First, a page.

303 W. Main Street, West Dundee, IL 60118
 | 847-428-7725
Call for a Free Consultation
100 Illinois Street, Suite 200, St. Charles, IL 60174
 | 630-200-4882
By Appointment Only
West Dundee, IL847-428-7725
St. Charles, IL630-200-4882
Facebook Twitter LinkedIn
Search
Subscribe to this list via RSS Blog posts tagged in adopting a child

Kane County family law attorneysAdoption is a wonderful way to expand a family and give a child a loving home. The road to achieving this dream can be a long process, but well worth it. In certain situations, a couple may wish to adopt a relative if the child’s biological parents die or are unable to care for the child. In other cases, a person may want to adopt a stepchild after getting remarried. The procedures for related adoptions are different than traditional domestic or international adoptions, so it is important to learn the requirements before embarking on this journey.   

How Are Related Adoptions Different From Other Adoptions?

Unlike domestic or international adoptions, related (also called “kinship”) and stepparent adoptions are typically handled in a more streamlined process in the courts. In the majority of cases, background checks, family investigations, and home visits by the Department of Children and Family Services (DCFS) are not required. To initiate a relative or stepparent adoption, all of the following must be true:

  • The stepparent relationship must be legally established (the stepparent’s marriage to the child’s birth parent is valid);
  • The child consents to the adoption, if he or she is at least 14 years old; and
  • The child’s other parent consents to the adoption and termination of his or her parental rights, or such rights are terminated by a judge.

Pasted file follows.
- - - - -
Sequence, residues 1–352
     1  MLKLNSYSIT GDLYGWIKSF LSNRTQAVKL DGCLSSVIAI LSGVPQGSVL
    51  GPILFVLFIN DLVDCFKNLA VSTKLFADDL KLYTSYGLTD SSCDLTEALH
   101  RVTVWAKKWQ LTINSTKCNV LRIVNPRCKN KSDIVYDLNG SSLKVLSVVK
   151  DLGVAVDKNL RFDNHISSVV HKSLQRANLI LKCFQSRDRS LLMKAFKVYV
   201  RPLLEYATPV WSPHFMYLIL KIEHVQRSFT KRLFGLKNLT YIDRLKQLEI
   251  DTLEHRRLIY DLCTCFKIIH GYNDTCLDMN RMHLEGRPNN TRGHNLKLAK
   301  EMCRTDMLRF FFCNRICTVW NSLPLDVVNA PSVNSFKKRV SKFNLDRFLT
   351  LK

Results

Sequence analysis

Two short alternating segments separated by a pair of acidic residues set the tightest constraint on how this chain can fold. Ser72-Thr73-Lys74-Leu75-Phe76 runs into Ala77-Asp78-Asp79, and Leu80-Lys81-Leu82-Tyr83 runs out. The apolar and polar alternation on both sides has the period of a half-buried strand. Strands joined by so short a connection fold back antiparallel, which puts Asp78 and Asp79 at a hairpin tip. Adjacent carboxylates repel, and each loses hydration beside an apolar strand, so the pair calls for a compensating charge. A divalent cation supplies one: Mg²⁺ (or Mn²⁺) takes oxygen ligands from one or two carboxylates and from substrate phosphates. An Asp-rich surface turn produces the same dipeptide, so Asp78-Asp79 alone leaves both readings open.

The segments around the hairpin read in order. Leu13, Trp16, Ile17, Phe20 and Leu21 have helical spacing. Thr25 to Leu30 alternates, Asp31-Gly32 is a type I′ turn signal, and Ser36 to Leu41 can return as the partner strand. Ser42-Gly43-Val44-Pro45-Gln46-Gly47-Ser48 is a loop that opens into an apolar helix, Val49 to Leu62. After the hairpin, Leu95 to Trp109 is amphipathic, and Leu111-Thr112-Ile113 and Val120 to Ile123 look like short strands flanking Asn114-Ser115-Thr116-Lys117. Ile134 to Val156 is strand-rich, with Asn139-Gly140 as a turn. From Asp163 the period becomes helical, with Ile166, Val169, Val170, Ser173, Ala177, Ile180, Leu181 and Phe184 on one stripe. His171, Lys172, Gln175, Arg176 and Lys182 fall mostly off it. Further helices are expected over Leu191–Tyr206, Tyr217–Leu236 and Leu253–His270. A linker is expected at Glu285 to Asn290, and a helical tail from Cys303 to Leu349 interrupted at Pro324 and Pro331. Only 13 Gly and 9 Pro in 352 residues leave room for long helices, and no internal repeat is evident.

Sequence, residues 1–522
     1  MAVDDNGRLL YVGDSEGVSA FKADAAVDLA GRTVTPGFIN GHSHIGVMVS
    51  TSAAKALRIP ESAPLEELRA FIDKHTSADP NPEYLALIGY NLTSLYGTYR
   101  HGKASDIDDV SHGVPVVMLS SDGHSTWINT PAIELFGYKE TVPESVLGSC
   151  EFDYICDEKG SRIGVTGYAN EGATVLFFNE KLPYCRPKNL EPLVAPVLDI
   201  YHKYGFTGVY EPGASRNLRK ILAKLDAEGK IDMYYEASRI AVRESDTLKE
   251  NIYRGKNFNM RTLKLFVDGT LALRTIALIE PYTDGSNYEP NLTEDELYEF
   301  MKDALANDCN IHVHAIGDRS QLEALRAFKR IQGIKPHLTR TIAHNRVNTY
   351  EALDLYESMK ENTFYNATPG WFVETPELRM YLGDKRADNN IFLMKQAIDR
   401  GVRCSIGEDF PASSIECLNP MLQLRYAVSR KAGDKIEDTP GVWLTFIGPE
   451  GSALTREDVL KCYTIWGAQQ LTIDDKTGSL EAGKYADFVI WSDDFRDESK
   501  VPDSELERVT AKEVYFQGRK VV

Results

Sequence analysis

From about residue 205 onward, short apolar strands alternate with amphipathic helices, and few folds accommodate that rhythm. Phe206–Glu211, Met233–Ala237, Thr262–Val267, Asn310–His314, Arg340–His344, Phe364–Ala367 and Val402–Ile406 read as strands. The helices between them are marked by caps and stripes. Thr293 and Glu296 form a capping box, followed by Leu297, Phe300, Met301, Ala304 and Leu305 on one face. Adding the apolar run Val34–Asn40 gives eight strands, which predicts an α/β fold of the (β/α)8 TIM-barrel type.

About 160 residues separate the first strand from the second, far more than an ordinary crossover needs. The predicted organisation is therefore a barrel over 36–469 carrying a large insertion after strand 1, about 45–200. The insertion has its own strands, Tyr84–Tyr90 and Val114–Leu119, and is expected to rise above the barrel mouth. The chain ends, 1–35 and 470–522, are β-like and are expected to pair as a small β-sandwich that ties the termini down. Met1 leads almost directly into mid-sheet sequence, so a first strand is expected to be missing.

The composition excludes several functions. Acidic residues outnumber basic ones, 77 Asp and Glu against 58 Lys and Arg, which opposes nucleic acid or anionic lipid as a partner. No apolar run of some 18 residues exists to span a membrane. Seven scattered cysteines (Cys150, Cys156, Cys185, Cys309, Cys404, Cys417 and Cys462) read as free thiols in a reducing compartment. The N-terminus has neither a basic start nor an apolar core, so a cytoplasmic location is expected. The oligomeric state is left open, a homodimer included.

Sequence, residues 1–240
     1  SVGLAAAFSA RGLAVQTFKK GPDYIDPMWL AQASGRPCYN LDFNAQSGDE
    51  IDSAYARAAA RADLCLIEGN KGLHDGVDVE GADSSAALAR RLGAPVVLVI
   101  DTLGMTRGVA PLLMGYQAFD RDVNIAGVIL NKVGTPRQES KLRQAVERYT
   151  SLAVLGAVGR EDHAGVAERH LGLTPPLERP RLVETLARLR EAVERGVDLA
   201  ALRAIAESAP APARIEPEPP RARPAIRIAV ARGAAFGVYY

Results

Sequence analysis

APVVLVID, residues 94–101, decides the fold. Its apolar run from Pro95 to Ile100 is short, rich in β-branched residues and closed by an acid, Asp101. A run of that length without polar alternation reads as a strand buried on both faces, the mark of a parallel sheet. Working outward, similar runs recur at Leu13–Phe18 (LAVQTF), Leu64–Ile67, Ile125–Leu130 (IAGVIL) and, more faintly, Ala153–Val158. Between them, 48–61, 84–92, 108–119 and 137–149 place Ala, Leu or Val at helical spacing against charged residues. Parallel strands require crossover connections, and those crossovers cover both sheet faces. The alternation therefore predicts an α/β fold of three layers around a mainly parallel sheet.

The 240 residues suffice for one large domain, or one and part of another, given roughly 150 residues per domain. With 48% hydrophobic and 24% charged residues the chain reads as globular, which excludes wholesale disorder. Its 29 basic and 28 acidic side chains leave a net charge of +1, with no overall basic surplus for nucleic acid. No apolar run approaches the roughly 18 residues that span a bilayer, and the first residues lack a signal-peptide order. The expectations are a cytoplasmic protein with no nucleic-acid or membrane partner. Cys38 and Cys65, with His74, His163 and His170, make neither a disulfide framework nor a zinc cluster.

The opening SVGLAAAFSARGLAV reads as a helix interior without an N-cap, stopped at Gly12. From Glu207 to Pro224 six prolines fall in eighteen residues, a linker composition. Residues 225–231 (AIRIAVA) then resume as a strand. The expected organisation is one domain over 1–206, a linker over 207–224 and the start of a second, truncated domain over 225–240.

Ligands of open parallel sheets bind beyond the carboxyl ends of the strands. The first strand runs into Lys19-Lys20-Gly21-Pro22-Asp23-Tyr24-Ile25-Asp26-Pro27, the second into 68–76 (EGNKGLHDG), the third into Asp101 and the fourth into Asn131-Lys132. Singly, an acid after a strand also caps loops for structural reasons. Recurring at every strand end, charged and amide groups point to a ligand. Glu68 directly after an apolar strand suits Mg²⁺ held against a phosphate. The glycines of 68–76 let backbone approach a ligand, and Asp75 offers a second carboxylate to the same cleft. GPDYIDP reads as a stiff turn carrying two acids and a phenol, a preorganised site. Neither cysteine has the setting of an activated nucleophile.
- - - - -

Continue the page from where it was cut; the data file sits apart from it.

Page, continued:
In a relative or stepparent adoption, the other biological parent’s rights must be terminated before the stepparent can legally adopt his/her spouse’s child. If the other parent contests the adoption, grounds for terminating the other’s parental rights must be proven. Possible grounds can include the following:

...

Kane County adoption lawyerMany couples choose adoption as a way to expand their family if they cannot have biological children of their own. On the other side of the subject, some parents choose to give up their child for adoption if they cannot adequately provide for the child’s needs.

Regardless of the reasons for an adoption, it is one of the biggest decisions that anyone will make in their lifetime. In some situations, an adoption can be contested. In the majority of cases, this happens when the biological father does not know about the child until the adoption process already started, or in which a biological father changes his mind about the adoption while it is in progress. 

Consent and Best Interest Hearings 

In cases where an adoption is contested, all involved parties must attend a consent hearing in court at which time a judge will listen to evidence presented by both sides. For instances when the biological father contests an adoption, he does not give consent to the adoption and he declares that he is willing and able to assume legal responsibility of the child. During the hearing, the father can show examples of his actions throughout the pregnancy, as well as after the child’s birth. For example, pictures or documentation of him going to doctor appointments or at the hospital after the birth, etc. However, if the biological father does not provide child support or contact the child for more than a year, he may lose his right to contest the adoption on the grounds of abandonment.

...
Martindale Hubbell Rating Super lawyers Attorney Registration and Disciplinary Comission Lawyers Association Program Illinois State Bar Association Kane County Bar Association DuPage Bar Association
Back to Top